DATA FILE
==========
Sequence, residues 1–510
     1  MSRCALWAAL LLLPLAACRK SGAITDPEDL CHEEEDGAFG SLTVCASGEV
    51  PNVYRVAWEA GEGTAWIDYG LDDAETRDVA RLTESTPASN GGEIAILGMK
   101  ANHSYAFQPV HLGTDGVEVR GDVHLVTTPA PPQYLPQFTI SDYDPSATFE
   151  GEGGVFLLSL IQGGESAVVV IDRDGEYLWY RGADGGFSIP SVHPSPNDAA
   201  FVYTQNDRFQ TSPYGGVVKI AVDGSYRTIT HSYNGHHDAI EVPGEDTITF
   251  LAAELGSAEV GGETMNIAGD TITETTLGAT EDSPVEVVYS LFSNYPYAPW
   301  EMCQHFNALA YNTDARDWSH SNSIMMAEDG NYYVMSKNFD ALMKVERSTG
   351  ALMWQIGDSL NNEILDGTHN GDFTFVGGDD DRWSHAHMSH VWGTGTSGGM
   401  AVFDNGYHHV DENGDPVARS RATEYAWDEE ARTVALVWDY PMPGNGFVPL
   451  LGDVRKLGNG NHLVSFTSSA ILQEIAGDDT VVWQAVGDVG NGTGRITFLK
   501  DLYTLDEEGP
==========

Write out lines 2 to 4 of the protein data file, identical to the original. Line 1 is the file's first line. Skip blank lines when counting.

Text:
     1  MSRCALWAAL LLLPLAACRK SGAITDPEDL CHEEEDGAFG SLTVCASGEV
    51  PNVYRVAWEA GEGTAWIDYG LDDAETRDVA RLTESTPASN GGEIAILGMK
   101  ANHSYAFQPV HLGTDGVEVR GDVHLVTTPA PPQYLPQFTI SDYDPSATFE